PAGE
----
Notwithstanding the absence of a congressional war declaration since Japan bombed Pearl Harbor, Zurich American Insurance Company has invoked a “war exclusion” in an attempt to avoid covering Illinois snack food and beverage company Mondelez International Inc.’s expenses stemming from its exposure to the NotPetya virus in 2017. The litigation, Mondelez Intl. Inc. v. Zurich Am. Ins. Co., No. 2018-L-11008, 2018 WL 4941760 (Ill. Cir. Ct., Cook Cty., complaint filed Oct. 10, 2018), remains pending in an Illinois state court.The NotPetya malware attack, which both the US and British governments have blamed on Russian operatives, disabled infrastructure in Ukraine and compromised computer systems worldwide. The exploit was disseminated via a hijacked software update for a Ukrainian tax software tool and phishing emails. NotPetya mimicked Petya ransomware, but instead of infected systems being held hostage for ransom, the software scrambled data, making it effectively useless.
Mondelez submitted a claim under its Zurich property insurance policy that provided coverage for “physical loss or damage to electronic data, programs or software, including physical loss or damage caused by the malicious introduction of a machine code.” According to Mondelez’s complaint, Zurich adjusted the claim and even went as far as committing to an unconditional advance of $10 million as a partial payment toward Mondelez’s losses. But, after changing coverage counsel, Zurich suddenly changed course and invoked the policy’s “war exclusion” to deny coverage. Mondelez brought suit against Zurich, alleging breach of contract, promissory estoppel and vexatious and unreasonable conduct under Illinois Insurance Code Section 155. Mondelez is seeking $100 million in damages.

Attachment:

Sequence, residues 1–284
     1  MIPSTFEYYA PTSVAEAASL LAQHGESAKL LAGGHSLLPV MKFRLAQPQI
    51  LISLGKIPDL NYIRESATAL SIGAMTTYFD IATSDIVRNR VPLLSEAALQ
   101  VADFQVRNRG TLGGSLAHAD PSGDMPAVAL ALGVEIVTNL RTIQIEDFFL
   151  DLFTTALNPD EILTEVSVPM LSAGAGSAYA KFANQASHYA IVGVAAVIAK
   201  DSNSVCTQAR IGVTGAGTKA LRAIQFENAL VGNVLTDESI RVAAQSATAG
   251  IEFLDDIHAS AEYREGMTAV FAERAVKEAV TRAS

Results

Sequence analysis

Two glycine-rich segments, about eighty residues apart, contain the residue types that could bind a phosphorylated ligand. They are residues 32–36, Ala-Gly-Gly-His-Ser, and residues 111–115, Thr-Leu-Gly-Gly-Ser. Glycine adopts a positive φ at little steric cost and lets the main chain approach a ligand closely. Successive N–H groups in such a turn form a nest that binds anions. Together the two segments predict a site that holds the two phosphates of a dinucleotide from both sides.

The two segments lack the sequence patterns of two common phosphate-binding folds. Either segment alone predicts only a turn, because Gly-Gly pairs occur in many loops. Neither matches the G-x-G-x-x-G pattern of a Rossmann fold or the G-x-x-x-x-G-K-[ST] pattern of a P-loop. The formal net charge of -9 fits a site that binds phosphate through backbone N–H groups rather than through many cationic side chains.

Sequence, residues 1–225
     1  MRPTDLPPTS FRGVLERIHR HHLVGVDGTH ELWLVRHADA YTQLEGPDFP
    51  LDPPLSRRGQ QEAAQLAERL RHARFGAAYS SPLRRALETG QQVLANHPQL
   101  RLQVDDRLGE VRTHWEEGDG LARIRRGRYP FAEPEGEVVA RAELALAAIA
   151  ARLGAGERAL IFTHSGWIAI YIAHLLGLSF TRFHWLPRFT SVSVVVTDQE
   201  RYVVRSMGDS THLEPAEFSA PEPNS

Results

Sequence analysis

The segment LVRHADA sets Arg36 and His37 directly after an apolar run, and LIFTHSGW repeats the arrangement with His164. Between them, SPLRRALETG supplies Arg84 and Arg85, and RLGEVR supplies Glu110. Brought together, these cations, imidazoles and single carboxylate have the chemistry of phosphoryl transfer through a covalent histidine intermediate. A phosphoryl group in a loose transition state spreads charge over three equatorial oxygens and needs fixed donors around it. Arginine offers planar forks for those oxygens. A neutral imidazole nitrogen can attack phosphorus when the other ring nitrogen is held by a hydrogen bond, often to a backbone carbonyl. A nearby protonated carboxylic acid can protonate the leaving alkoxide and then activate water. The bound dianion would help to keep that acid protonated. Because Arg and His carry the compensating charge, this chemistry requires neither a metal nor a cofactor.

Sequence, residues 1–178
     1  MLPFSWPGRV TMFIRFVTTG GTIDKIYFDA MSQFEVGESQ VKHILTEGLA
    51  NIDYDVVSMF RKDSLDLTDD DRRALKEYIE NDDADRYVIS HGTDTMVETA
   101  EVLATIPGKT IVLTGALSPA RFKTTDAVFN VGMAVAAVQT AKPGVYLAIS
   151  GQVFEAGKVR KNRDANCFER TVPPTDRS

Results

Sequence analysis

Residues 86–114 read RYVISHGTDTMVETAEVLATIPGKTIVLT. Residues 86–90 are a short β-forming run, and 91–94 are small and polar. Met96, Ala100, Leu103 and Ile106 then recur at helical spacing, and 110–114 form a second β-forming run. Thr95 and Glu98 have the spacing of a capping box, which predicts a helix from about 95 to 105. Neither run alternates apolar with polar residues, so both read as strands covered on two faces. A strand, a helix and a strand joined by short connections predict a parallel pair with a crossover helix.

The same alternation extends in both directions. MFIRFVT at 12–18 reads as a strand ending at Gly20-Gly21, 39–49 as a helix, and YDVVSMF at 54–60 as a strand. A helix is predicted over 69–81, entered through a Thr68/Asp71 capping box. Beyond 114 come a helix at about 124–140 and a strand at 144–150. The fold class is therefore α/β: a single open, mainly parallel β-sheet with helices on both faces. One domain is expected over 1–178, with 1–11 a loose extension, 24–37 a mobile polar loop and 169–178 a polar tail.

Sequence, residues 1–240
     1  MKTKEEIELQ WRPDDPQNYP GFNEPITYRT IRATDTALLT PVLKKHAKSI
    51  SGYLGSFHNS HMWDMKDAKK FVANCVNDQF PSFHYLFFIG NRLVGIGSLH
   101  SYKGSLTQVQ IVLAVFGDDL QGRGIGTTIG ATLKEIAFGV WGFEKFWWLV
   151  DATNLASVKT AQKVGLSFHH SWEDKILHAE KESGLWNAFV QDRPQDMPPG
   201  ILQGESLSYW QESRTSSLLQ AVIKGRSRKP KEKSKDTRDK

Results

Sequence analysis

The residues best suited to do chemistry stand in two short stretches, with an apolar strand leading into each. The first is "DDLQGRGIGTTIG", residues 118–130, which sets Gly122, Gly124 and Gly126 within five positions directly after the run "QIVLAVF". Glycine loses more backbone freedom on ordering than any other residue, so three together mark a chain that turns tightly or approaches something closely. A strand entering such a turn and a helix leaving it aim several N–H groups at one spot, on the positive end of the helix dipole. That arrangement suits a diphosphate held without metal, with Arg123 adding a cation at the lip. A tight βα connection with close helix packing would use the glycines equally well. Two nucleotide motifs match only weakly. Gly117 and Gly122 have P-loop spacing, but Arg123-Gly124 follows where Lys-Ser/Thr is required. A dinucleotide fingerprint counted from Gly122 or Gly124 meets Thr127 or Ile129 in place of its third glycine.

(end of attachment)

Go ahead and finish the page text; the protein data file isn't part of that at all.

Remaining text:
Historically, courts considering the applicability of “war exclusions” have had a great deal of information at their disposal concerning the nature of an attack, the identity of its perpetrator and the source of the funding or planning. The actors were known, the nature of the attack was clear and the greater context in which the attack occurred, along with its motivation, was apparent. In today’s world, however, where state-sponsored actors are ubiquitous in cyberattacks and malware incidents, insurance policies that exclude hostile or warlike actions or terrorism may not effectively protect the insured’s interests. Although the burden remains on an insurer to prove that such an exclusion is a bar to coverage, the dispute between Mondelez and Zurich highlights the need for policyholders to carefully consider whether their existing coverage will protect against cyber losses and, going forward, insist on narrowly tailored exclusionary language in their policies.